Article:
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flotsam, jetsam, and ligan

flotsam, jetsam, and ligan (flŏtˈsəm, jĕtˈsəm, lĪˈgən) [key] [O.Fr.], in maritime law, goods lost at sea as distinguished from goods washed ashore (wreck). Goods that remain floating on the surface after a shipwreck or accident are called flotsam (or floatsam or flotsan), while jetsam refers to goods thrown overboard, or jettisoned (see jettison), by a vessel in distress. Ligan (or lagan) designates goods that are sunk in the sea and have a buoy or floating object attached to them as a mark of ownership or in order that they may be found again. Such goods found by other persons must be returned to the owner, while flotsam and jetsam must be returned only if the owner makes a proper claim. The rules of salvage apply to all three types of goods.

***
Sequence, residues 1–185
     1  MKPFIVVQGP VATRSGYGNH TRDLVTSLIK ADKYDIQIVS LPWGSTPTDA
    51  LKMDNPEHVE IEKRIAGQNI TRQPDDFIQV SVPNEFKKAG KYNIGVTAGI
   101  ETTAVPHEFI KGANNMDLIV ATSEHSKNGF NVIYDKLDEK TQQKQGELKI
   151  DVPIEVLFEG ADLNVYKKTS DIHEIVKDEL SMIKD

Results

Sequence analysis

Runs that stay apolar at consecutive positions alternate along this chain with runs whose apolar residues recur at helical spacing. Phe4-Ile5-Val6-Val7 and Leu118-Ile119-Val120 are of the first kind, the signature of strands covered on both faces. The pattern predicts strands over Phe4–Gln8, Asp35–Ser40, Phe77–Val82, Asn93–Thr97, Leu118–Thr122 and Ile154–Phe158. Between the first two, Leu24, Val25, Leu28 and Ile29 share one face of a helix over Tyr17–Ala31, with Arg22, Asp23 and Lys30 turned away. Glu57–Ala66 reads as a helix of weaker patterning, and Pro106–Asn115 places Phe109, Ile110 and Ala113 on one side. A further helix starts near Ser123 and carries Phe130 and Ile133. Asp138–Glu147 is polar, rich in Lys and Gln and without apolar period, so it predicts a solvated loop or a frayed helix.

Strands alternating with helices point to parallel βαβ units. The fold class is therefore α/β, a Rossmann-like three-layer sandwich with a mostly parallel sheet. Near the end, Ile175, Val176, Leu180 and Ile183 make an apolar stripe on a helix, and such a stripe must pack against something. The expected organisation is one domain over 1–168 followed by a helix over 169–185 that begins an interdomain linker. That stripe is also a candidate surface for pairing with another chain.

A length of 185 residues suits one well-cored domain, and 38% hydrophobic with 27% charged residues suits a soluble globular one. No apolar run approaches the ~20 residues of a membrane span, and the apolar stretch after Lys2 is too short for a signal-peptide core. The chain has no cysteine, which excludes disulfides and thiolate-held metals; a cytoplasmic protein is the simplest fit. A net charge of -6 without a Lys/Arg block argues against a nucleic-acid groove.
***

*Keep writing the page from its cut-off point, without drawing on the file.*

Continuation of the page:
The Columbia Electronic Encyclopedia, 6th ed. Copyright © 2012, Columbia University Press. All rights reserved.

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